For Saturday, April 30, 2016:
“Jump, and you will find out how to unfurl your wings as you fall.”
Some wings would have been nice a few days ago! The day after I wrote that I was going to take a week off from my blog for a vacation of sorts, I took a tumble when I was outside feeding the birds. It wasn’t the worst fall I’ve ever had – after several minutes, I was able to get up by myself, which was a good thing since no one was around – but it did shake me up (as falls do for most folks, I imagine) and I said a few choice words as I sat there on the ground.
Because I do have a propensity for falls, I’m always VERY careful when I walk. I thought I was last Sunday, too, but still something – a hidden tree root or a rock or who knows what – tripped me up and down I went. Once I hobbled back inside and fed the two dogs, I could nurse my wounds, a wrenched knee and shoulder. For some reason, though, I felt more bruised inside for the rest of the week than I was outside.
I had hoped to read and catch up on other folks’ blogs and comments in my vacation week, especially now that I had to take it easy because of my fall, but Mercury came into its retrograde phase a little early and sent my Internet connections to you-know-where in a handbasket with the wings I could’ve used earlier.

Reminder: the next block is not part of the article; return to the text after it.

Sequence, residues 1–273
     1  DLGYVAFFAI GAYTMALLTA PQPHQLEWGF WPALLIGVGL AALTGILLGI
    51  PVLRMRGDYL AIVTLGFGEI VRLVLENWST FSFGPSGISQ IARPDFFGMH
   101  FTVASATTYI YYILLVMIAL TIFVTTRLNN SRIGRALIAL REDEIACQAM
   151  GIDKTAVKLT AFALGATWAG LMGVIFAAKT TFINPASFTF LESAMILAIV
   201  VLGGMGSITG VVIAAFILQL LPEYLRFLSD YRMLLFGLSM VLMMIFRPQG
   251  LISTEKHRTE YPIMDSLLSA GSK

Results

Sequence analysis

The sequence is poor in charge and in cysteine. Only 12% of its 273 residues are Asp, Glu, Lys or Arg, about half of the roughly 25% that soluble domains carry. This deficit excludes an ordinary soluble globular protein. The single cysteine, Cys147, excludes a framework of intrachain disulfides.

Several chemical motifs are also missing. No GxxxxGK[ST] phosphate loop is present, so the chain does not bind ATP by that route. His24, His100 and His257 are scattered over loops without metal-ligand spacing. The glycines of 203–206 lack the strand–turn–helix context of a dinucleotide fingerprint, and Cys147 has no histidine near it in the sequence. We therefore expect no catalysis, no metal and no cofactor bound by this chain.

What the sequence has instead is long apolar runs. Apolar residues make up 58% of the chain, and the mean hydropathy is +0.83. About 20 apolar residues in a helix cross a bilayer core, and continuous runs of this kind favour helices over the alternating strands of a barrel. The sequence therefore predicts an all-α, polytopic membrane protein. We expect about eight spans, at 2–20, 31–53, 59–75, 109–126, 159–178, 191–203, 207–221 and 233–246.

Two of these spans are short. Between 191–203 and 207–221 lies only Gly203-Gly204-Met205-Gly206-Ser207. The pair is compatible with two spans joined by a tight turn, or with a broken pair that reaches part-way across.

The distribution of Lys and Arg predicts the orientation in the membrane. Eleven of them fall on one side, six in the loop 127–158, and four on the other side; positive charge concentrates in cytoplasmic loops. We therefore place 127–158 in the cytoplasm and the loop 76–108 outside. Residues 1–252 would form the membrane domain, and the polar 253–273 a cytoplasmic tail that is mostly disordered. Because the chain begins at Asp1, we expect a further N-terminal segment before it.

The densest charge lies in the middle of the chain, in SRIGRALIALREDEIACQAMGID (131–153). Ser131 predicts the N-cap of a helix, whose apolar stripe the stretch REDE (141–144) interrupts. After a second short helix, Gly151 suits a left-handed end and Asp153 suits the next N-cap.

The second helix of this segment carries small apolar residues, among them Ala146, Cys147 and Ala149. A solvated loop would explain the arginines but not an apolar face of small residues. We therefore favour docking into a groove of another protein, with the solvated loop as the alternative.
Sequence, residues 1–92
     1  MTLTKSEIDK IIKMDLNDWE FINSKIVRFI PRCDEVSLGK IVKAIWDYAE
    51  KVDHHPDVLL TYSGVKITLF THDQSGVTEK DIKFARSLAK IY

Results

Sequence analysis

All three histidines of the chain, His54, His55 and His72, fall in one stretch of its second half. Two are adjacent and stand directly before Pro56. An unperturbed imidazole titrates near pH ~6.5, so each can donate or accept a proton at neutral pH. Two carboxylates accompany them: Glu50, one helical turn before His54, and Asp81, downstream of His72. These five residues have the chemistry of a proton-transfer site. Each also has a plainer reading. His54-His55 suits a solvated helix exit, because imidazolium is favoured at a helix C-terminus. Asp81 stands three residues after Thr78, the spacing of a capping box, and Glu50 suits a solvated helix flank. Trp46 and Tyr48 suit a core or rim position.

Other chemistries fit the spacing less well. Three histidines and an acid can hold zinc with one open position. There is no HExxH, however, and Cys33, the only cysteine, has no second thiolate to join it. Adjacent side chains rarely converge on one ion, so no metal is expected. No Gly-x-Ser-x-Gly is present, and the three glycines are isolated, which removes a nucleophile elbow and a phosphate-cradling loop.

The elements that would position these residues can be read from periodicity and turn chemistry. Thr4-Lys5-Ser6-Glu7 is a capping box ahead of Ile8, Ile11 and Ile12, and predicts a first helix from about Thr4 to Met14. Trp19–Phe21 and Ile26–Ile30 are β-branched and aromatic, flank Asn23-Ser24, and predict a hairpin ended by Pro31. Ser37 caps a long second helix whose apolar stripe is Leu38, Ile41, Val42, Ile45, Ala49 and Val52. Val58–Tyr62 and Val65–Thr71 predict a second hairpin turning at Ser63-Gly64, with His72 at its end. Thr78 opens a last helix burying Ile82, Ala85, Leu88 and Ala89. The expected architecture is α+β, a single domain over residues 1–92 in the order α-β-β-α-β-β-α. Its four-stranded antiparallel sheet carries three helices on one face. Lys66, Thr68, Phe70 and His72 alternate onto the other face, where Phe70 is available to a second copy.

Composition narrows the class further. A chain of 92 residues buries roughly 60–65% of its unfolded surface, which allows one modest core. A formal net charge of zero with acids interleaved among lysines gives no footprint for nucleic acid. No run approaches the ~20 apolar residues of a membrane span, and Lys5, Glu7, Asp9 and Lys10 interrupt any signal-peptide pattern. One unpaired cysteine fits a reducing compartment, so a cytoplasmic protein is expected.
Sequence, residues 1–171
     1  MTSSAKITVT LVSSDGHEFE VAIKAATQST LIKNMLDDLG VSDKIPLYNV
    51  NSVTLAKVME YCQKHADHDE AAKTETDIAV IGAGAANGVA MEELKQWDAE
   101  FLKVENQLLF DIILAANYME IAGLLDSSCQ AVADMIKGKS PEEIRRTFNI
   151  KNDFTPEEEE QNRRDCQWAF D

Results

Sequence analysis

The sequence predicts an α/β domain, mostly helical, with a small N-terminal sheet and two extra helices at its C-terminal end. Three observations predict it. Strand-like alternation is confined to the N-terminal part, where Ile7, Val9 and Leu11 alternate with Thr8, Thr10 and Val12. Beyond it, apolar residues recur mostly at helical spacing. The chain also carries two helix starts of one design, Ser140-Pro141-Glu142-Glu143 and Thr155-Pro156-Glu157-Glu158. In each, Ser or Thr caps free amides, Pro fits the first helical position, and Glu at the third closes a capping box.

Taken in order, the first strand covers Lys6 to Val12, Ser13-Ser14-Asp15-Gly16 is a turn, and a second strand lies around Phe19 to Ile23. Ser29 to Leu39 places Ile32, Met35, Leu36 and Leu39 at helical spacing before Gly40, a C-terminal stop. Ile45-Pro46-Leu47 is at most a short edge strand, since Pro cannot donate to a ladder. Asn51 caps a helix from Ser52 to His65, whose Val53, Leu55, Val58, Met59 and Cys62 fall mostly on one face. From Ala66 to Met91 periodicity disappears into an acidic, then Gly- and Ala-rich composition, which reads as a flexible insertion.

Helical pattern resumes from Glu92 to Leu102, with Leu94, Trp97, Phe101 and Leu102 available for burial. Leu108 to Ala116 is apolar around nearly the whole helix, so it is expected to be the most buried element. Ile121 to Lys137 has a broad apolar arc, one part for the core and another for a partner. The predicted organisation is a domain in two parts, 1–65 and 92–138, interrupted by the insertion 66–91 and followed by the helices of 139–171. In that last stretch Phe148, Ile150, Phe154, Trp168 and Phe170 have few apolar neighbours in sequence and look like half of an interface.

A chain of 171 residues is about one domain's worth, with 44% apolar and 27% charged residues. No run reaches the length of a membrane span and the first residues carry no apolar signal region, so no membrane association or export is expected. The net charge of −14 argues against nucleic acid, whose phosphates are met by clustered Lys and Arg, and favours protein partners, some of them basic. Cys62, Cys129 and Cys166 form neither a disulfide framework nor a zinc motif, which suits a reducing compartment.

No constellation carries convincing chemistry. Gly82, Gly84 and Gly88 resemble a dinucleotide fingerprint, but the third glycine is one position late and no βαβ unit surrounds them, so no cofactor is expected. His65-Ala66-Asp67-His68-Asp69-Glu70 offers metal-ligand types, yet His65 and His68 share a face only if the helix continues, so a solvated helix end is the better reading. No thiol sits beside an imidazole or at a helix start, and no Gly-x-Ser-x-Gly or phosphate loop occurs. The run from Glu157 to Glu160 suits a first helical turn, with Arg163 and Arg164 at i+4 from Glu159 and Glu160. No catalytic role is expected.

So much for that plan. The extra time, then, went into more edits on a client’s novel manuscript, and I made good progress.
Another good thing came out of this past week: I found a poem I wrote three years ago that I’d forgotten about! That’s always a treat. Since that discovery felt like a gift, and as I ease my way back into The Prompter Room, I thought I might share that little poem to say ‘It’s good to be back.’ I think it fits this past week.
A mountain keeps an echo deep inside itself. That’s how I hold your voice.
Sometimes the words come too fast
to grab by pen, take hold
on paper, thoughts generated by
who knows what – a sight,
a sound, a smell, a memory,
newspaper or book – yet still
the poet picks up pen and paper
in the liturgy of waiting,
has faith that wayward words
from long ago might find their place
in just this poem or that, born of
and in and for the collective
union of emptiness,
knowing it is often true
that the most important part of
a poem is the words that are left out.
And sometimes it is best, in those
fast and furious moments,
to let the cat sleep in your lap, or
sit beside a quiet stream, to listen
to birdsong, the calls of crows,
and to watch the boulders emerge
from beneath the melting snow.
© ERR 3/26/13